• November 2016 – permission to appeal granted and sister released from prison – Court stated that the committal hearing (which sent sister to prison) should not have been heard pending her permission to appeal the Judge's initial decision – quashed the committal order.

January 2017 – sister's appeal heard in the Court of Appeal. Despite her imprisonment; sister maintained her position that a return to Devon was not in Mr Martins' best interests.

Appeal compromised (agreed by the parties) with a consent order for discharge of the original orders; the Official Solicitor agreeing that a further BI assessment was necessary and further orders against the sister futile.

Munby LJ commented that the Court of Protection should use all the inherent powers which might be used in a child abduction case to obtain the co-operation of the authorities in a non-Hague Convention 2000 country (such as Portugal). He referred to the case of  Re HM (Vulnerable Adult : Abduction ) [2010] EWHC 870 (Fam) as an example of a successful repatriation of an incapacitated adult who had been taken abroad for guidance on to the court's powers and the orders to be made in such cases.

Key Findings

Best Interests dependent on both emotional and physical well-being, when considering available options.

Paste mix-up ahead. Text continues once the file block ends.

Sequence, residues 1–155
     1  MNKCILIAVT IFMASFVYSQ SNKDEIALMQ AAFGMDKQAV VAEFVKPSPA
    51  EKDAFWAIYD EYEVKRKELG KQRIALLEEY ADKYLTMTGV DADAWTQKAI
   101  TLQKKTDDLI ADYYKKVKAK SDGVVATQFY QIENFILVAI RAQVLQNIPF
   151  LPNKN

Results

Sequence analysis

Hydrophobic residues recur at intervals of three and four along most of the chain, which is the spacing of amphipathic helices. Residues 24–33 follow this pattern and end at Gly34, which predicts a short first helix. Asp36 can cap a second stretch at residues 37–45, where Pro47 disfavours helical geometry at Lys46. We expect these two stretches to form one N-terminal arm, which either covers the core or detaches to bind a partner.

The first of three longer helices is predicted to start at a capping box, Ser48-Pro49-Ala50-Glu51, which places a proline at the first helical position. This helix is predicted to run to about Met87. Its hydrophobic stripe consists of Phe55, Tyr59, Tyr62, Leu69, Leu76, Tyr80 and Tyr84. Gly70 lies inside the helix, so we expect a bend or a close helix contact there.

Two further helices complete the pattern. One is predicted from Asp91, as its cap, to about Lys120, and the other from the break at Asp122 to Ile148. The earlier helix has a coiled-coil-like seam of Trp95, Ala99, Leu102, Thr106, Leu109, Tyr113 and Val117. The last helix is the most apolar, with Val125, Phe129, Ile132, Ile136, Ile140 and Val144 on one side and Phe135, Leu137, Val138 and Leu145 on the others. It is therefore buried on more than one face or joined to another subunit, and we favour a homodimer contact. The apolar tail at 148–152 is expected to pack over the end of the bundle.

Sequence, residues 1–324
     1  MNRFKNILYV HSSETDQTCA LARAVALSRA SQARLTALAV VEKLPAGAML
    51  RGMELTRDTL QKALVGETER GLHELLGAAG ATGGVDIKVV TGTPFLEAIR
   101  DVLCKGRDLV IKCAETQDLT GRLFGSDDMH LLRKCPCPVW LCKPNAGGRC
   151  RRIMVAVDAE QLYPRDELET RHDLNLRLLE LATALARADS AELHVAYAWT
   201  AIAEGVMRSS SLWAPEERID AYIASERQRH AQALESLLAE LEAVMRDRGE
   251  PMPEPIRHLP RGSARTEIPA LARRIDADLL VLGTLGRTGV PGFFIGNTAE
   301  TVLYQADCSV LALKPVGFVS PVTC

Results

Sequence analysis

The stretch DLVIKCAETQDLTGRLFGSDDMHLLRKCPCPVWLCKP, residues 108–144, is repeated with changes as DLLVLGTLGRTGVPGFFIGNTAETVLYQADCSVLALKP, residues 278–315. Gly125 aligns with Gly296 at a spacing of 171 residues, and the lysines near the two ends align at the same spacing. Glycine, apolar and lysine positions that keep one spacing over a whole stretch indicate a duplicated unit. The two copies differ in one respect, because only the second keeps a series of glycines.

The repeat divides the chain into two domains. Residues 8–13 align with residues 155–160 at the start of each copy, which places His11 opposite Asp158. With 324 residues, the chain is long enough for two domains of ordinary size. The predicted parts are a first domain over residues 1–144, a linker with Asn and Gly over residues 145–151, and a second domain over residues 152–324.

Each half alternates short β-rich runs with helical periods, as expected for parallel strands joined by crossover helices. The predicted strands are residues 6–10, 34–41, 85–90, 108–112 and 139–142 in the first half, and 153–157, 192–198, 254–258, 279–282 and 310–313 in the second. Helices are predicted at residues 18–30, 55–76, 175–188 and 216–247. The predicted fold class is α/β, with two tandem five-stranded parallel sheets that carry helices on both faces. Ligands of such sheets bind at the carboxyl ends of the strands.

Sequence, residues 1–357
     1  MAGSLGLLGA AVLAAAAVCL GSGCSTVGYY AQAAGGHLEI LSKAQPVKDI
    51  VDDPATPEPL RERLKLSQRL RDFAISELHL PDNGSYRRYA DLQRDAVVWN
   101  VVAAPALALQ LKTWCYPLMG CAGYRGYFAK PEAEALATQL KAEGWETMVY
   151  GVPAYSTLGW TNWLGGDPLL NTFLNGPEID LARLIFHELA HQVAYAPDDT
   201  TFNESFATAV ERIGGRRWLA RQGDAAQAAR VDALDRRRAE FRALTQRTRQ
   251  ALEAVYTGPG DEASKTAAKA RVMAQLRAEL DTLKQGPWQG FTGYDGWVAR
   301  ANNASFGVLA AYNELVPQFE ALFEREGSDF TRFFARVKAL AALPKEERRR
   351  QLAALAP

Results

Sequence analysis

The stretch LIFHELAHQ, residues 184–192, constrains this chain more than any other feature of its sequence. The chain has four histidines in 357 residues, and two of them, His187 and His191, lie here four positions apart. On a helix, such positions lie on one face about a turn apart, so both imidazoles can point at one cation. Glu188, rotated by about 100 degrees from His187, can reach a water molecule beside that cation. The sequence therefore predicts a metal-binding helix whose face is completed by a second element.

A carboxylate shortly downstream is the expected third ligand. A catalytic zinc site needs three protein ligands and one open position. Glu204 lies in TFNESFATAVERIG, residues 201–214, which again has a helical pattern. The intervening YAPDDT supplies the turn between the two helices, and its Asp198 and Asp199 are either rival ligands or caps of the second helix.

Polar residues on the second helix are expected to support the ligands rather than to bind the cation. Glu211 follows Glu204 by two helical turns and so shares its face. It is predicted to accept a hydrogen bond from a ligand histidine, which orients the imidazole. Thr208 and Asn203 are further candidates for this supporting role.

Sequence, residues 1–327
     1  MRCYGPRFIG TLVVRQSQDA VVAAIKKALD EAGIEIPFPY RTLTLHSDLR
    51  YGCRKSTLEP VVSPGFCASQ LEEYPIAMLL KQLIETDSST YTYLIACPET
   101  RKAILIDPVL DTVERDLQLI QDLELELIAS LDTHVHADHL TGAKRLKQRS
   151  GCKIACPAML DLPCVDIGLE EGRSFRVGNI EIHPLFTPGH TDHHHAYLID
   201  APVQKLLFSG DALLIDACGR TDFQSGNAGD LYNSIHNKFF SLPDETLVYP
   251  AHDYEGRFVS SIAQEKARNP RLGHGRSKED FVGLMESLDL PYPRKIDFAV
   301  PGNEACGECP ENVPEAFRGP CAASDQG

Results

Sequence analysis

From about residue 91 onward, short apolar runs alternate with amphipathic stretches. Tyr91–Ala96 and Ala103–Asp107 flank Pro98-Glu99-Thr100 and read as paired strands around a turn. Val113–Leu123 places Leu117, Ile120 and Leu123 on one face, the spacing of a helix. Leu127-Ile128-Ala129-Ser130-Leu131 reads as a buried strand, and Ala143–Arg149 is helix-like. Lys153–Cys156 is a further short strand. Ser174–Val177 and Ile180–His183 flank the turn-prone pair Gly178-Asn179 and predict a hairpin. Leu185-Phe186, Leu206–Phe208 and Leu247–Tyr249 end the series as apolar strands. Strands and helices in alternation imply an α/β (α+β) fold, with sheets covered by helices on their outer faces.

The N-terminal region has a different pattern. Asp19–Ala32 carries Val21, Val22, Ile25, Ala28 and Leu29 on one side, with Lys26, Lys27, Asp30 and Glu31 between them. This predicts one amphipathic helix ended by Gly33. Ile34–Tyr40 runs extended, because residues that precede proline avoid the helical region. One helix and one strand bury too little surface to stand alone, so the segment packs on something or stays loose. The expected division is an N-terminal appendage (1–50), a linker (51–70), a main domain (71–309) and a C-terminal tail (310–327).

Injunctions and threats of prison against family members might be contrary to P's best interests.

Starting point is that the Courts expect and assume that their orders will be obeyed and will not normally refuse an injunction because of the respondent's likely disobedience of it.

 

Please contact Hannah Taylor if you wish to discuss this case or any related topics further. 

Bevan Brittan's Clinical Risk Team have prepared a comprehensive Knowledge Pack which offers guidance to commissioners, providers and care co-ordinators on the use of CCTV. The Pack is aimed at care environments with service users who lack capacity to consent to their care regime.

Please contact Hannah Taylor if you would like to receive the Knowledge Pack or wish to discuss the Use of CCTV in Care Packages any further.

Related Insights

Court of Protection Seminar SAVE THE DATE (Leeds)

by Simon Lindsay

CIH Fire Safety Event : Sensible Solutions - Bristol

by Steven Eccles

Seminar: Key Topics for Social Care Providers (Birmingham)

by Monica Macheng

Seminar: Key Topics for Social Care Providers (London)

by Stuart Marchant

Bevan Brittan successfully defends provider from prosecution

by Samantha Minchin

The Social Housing Green Paper

by Sarah Greenhalgh

The merry-go-round of Social Housing Regulation

Bevan Brittan advises clinicians in landmark end-of-life judgment

by Stuart Marchant

Mental Capacity Law and Policy

Patient Safety: Another step forward (Joint Committee reports on...

by Simon Lindsay

Keep up to date With Bevan Brittan

What interests you?

About you?

You can view our privacy policy here